If God did this for you, He will meet all of your needs.
God knows your need, and He is totally committed to meeting them. You no longer need to be afraid, haunted by all of the ‘what ifs’ that keep going around in your mind. You will find peace in coming to terms with the fact that you don’t need to fully understand God, His ways and His sovereignty. There are many times when God will confuse you. Psalm 13:1 says, “How long, O Lord? Will you forget me forever?” We don’t always understand the things that God allows into our lives, but you can be at peace with that reality.
Tim Keller says that the importance of believing in the sovereignty of God is not that life will make sense to you. The importance of believing in the sovereignty of God is precisely because life won’t make sense to you.
Part of God’s great plan for us is that we have Him to go to when life confuses us. When satan says, “Where is your God now?” we run to God, instead of from Him, standing on His promises: “The Lord was pleased to crush Him, putting Him to grief. He who did not spare His own Son, but gave Him up for us all - how will He not also, along with Him, graciously give us all things?”
We remember those promises and say, “If God would do this for me, will He not meet all of my needs?”
We hear the word ‘peace’ a lot in late December every year. Do you have peace in your heart? Really? Do you live with peace, even when your circumstances are not?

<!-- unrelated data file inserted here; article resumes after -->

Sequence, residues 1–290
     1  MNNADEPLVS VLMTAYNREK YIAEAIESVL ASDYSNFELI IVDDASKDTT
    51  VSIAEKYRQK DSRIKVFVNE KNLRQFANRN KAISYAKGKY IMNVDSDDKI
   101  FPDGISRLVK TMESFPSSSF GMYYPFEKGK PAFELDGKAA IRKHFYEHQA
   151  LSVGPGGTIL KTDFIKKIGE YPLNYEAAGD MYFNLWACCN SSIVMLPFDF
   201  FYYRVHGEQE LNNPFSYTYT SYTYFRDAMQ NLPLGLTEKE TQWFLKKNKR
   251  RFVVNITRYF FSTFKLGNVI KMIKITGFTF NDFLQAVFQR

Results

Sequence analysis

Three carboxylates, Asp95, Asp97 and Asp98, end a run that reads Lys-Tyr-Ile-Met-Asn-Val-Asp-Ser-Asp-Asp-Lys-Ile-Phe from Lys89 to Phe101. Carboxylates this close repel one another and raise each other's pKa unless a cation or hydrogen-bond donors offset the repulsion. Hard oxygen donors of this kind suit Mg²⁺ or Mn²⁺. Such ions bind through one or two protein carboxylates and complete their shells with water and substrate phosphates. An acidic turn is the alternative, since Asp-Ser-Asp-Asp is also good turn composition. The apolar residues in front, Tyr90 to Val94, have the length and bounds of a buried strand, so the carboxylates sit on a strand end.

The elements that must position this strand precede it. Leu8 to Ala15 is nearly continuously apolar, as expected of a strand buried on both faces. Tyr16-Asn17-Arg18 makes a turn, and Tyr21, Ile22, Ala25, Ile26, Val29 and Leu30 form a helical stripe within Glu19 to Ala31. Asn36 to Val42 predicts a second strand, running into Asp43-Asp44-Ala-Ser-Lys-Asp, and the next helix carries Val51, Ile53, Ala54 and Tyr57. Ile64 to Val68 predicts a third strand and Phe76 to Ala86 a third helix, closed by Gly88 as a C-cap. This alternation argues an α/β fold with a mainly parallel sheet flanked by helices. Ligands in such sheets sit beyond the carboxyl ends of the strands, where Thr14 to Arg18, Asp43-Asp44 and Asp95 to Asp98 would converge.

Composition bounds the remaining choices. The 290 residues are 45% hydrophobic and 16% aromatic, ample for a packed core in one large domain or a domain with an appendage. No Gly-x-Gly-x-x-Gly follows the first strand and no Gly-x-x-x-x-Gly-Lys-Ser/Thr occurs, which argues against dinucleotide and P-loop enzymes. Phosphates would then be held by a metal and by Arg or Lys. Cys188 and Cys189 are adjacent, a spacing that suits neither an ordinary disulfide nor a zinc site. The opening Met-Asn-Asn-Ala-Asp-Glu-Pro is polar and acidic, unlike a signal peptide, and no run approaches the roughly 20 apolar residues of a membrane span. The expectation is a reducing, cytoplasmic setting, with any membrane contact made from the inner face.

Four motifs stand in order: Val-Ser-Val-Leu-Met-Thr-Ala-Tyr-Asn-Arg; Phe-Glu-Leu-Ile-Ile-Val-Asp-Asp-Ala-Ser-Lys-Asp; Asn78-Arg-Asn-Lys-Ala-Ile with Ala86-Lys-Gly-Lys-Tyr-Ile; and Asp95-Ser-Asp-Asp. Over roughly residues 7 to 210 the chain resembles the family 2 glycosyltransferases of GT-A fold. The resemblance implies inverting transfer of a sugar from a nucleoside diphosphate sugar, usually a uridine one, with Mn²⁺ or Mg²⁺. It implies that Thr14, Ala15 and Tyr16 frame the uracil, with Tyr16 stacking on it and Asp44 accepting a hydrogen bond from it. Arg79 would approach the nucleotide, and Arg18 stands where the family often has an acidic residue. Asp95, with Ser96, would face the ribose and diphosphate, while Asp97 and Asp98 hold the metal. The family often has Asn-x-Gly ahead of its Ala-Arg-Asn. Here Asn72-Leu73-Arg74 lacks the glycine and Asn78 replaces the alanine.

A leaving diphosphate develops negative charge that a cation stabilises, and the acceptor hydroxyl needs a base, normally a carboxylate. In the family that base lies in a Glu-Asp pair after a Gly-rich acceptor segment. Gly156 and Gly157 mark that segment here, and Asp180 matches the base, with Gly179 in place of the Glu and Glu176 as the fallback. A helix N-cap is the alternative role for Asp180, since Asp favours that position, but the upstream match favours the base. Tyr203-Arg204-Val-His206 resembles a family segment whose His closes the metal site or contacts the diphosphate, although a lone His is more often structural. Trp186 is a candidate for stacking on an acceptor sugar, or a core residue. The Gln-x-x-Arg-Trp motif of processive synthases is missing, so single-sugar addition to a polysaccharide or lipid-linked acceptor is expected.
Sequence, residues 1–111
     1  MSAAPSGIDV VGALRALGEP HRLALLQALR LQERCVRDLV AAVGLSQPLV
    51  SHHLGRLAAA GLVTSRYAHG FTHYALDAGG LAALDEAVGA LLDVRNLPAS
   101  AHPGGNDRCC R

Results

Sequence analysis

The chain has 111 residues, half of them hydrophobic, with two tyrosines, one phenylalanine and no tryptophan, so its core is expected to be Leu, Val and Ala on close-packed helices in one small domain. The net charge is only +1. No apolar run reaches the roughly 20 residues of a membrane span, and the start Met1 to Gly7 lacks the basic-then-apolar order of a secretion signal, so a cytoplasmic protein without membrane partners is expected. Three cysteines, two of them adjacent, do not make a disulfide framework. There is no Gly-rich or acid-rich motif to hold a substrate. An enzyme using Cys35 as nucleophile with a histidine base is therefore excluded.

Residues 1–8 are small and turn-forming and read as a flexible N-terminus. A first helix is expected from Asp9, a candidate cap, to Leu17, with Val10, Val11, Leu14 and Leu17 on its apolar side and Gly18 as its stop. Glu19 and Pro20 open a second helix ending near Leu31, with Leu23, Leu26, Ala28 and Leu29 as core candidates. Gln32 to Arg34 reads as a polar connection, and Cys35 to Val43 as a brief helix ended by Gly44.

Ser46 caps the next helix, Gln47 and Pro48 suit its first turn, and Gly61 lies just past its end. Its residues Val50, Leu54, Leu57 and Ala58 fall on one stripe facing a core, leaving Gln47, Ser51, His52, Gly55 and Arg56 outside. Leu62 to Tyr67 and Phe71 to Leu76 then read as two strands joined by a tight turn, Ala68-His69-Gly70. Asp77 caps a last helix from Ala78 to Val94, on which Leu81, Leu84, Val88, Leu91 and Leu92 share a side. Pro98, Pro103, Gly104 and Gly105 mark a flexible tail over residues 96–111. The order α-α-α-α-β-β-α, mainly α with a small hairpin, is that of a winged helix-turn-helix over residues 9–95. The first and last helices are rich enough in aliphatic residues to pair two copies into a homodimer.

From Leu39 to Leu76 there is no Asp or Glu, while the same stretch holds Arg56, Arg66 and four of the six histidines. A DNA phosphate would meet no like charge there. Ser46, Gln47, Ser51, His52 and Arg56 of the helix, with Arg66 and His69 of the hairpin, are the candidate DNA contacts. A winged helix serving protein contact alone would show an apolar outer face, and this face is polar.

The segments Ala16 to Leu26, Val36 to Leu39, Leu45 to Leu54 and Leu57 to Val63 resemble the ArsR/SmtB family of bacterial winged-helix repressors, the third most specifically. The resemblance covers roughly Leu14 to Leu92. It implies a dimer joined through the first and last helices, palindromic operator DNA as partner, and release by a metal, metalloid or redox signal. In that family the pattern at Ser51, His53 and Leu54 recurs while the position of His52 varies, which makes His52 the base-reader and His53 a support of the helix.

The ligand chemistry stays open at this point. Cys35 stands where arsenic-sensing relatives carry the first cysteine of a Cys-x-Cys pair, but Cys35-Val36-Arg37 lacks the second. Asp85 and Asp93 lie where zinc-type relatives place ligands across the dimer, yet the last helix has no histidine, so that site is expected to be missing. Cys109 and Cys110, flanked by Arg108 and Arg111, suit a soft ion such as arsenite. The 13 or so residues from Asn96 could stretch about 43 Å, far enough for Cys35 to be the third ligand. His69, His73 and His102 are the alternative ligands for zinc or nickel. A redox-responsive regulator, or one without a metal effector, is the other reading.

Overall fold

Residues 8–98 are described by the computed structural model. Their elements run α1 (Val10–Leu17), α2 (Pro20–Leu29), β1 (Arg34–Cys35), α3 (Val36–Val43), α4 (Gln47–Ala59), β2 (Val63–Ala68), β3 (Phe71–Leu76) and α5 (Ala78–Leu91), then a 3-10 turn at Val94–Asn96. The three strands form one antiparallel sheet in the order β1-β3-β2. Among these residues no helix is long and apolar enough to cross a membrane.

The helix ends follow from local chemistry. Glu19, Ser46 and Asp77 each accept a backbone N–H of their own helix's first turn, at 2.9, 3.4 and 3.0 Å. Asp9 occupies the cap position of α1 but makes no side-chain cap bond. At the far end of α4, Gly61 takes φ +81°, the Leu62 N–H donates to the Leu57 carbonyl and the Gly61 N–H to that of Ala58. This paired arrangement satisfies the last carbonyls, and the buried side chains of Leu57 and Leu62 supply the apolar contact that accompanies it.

The gift of Jesus Christ to you, that great plan of salvation is the ultimate demonstration of God’s faithful love to you. If God would give His Son for you, then you need to know this: There is nothing that He will not do for you.
“The Lord was pleased to crush Him, putting Him to grief.” That’s God’s great plan of redemption. The plan was that a second Adam had to come; the first Adam failed the test, and a second Adam had to come. Jesus was that second Adam, and He had to be willing to live in the middle of the harsh realities and the temptations of life in a fallen world.
But He had to be willing to be obedient in every way, in every thought, in every desire, in every word, and every action. That obedience included going to the cross as the perfect Lamb of God who carried our sins, satisfying the righteous anger of God to bring us forgiveness, acceptance into the family of God, righteousness and eternal life. That’s the plan.